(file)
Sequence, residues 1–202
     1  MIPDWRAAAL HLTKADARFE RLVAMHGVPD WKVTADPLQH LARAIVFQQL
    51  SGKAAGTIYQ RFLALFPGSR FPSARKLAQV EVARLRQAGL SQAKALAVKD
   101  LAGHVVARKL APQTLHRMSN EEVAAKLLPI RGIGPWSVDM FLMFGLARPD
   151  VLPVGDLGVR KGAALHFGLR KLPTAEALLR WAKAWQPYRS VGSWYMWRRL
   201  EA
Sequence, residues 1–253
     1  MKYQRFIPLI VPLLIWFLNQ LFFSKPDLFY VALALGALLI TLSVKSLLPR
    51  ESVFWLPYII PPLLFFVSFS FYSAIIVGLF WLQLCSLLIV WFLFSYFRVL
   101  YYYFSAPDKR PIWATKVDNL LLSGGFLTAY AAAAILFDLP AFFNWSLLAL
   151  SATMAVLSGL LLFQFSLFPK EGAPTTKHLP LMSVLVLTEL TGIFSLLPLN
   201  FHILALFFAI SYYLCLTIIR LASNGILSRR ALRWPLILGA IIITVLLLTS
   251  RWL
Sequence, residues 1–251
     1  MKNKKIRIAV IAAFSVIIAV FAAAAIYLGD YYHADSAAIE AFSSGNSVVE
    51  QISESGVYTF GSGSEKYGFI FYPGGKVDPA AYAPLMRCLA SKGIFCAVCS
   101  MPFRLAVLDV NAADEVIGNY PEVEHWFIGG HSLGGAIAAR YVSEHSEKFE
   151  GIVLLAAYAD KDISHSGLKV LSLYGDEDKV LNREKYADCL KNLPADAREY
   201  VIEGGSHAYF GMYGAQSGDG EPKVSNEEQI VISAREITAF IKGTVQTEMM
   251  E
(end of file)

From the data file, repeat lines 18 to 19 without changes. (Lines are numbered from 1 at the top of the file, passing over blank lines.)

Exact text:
   151  GIVLLAAYAD KDISHSGLKV LSLYGDEDKV LNREKYADCL KNLPADAREY
   201  VIEGGSHAYF GMYGAQSGDG EPKVSNEEQI VISAREITAF IKGTVQTEMM